SCIENTIFIC PROGRAMS AND ACTIVITIES

September  2, 2014

Feb. 21, Mar. 20, Apr 24, May 15, 2008
Fields Symposia on the Mathematics of Transportation


The Fields Symposia on the Mathematics of Transportation
Thursday May 15 11:30-14:30
Board Room of the Fields Institute
222 College Street, Toronto

The final Fields Symposium on the Mathematics of Transportation will look at (perhaps) the most important issue of all: once we have designed a better transportation network, how do we pay for it and how do we ensure it is used efficiently?

Market-based solutions to transportation problems
Matheus Grasselli, Department of Mathematics & Statistics, McMaster University

Pollution and transportation problems are special cases of market distortions (benefits for individuals or organizations that force unwanted costs on other people). It therefore makes sense to seek market-based solutions. We discuss market-based solutions to environmental problems in three general categories: environmental taxes (the polluter-pay principle), subsidies (incentives to behavior change) and cap-and-trade systems. Specifically for transportation, we discuss how pricing principles can be used to rationalize the use of resources. These include traditional road and parking pricing, but also the use of novel strategies such as congestion charges, cordon areas, managed lanes and pay-as-you-drive vehicle insurance.

Additional topics for discussion:

how do people respond to incentives/disincentives?
how to price negative externalities (i.e. Pigovian tax)?
real time pricing (connection with data)
relation of transit to economic development
the relation of density to wealth generation (the multiplier effect inherent in dense, tightly coupled cities).

About the speaker
Dr Grasselli's reseach is focused on Financial Mathematics - the use of modern mathematical tools from stochastic analysis, probability theory and statistics to understand, model and make decisions in Financial Markets. As a member of PhiMac he is involved in a number of research projects in this area, such as optimal portfolio selection in incomplete markets (mainly based on duality techniques from convex analysis), positive interest rates for defaultable bonds (as an extension of the Flesaker-Hughston framework) and discrete time hedging strategies (particularly the differences between quadratic and linear risk minimization).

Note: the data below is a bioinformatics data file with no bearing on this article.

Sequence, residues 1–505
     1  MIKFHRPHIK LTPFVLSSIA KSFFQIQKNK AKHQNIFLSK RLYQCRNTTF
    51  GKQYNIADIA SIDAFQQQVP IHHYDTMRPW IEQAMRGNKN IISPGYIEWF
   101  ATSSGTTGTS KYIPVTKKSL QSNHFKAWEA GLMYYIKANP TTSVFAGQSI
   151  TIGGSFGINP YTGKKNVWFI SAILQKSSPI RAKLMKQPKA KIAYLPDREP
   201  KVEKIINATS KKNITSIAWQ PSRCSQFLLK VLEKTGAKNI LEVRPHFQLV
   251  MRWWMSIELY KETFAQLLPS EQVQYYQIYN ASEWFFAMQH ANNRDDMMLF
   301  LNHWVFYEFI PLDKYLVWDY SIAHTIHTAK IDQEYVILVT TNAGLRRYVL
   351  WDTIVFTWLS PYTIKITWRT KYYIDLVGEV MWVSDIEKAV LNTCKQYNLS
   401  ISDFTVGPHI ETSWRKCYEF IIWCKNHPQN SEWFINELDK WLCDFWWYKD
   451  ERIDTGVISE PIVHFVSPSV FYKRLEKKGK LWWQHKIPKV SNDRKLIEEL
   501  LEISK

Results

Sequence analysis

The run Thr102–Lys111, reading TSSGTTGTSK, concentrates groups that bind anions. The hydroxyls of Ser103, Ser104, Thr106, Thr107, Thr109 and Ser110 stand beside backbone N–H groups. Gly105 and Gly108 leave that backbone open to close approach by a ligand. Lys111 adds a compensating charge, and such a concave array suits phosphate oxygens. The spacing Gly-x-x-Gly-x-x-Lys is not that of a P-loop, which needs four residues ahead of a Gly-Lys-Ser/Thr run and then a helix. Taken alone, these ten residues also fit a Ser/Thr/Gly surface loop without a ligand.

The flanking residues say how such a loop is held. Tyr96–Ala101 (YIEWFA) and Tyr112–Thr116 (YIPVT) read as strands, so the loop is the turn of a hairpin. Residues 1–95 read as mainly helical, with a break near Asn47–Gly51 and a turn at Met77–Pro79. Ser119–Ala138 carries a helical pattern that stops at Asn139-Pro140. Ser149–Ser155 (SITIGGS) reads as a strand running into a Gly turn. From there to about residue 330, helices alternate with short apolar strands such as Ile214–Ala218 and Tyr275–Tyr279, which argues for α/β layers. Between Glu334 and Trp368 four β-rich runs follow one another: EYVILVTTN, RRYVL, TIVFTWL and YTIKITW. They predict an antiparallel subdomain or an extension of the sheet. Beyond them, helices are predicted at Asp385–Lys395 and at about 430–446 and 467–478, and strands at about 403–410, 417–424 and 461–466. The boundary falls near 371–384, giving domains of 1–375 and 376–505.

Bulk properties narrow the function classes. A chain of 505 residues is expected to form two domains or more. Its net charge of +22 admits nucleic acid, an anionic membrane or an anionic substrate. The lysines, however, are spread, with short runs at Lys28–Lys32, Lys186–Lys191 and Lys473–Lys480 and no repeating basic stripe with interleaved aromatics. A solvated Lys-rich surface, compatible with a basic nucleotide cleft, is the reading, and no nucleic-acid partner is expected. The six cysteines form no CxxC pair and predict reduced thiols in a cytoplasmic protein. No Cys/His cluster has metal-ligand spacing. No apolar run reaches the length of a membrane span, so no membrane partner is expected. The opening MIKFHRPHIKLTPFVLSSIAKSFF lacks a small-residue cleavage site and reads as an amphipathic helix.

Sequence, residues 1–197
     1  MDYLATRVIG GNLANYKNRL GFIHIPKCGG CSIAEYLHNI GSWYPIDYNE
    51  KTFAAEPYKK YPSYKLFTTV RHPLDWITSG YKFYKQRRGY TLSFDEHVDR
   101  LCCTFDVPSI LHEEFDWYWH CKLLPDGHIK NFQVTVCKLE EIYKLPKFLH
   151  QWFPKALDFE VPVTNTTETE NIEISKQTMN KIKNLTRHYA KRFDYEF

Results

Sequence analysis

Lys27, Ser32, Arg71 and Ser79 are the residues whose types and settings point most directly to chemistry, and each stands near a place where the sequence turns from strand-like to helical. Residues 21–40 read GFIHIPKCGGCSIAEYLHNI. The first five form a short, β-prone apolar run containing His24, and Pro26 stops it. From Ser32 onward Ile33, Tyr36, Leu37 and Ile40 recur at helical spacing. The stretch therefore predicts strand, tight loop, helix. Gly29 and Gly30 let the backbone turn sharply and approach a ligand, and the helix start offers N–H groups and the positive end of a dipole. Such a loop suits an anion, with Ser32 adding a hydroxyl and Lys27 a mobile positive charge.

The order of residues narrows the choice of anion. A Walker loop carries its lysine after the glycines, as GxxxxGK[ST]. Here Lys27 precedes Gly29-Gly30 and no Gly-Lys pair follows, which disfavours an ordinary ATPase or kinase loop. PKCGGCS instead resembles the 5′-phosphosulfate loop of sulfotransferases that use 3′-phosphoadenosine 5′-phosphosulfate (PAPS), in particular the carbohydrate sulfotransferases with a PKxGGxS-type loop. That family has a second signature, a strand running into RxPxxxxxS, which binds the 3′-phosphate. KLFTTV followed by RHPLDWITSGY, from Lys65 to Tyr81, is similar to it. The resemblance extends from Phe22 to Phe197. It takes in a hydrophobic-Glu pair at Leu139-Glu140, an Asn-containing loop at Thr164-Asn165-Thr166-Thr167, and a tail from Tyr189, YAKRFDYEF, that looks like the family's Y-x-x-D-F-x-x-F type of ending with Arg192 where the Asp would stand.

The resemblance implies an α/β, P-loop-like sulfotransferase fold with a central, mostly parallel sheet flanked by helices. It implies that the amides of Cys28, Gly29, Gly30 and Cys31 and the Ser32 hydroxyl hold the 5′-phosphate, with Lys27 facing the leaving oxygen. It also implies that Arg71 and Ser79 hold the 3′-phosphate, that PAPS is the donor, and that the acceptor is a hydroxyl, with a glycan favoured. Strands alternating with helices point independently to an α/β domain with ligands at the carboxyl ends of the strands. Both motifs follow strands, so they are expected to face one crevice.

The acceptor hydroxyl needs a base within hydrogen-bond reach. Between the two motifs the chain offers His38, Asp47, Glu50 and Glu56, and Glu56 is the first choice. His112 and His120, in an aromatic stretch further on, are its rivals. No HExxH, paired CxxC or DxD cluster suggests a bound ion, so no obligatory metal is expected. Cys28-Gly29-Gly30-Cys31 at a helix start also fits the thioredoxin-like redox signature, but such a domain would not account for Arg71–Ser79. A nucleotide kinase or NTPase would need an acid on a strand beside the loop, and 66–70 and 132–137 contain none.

I hope to see you again at the Fields Institute on Thursday May 15 11:30-14:30.

Don't hesitate to let others know about this series! However, please let me
know in advance (at least a week if possible) if you (or other members
of your group) will be attending so we can arrange for lunch.
kevlahan@mcmaster.ca


This is the last meeting of the transportation symposium for the year


Thursday April 24 11:30-14:30
Boardroom of the Fields Institute
222 College Street, Toronto

The theme of the next Transportation Symposium is "Integrating Transportation and Urban Planning", and will feature the following talk:

Integrated Transportation and Land Use Models (ITLUMs): The McMaster Experience

Pavlos S. Kanaroglou, Canada Research Chair in Spatial Analysis Center for Spatial Analysis (CSpA), McMaster Institute for Transportation and Logistics (MITL), McMaster University

The interest in using computer simulation models to support the urban planning process has a long history that can be traced to the mid 1950s. Urban planners and practitioners have been using such models to simulate the impacts of proposed new land use and transportation infrastructure projects. These models have also been used to assess the ramifications of future urban population and economic growth policies. Several schools of thought have emerged over time to develop such models, which are also known as Integrated Transport and Land Urban Models (ITLUMs). A key feature of these models is their ability to simultaneously forecast changes in transportation flows and land-use patterns in a metropolitan area. In recent years, there has been an increased interested in developing and using such models to assess the interaction between land use, transportation and the environment. As a result, these computer simulation models are progressively becoming an essential component of the urban planning process in many Metropolitan Planning Organizations (MPOs) in Canada and elsewhere around the world. This seminar presents the experience of a group of researchers at McMaster University in developing and applying such models to study land use and transportation problems in Canadian cities.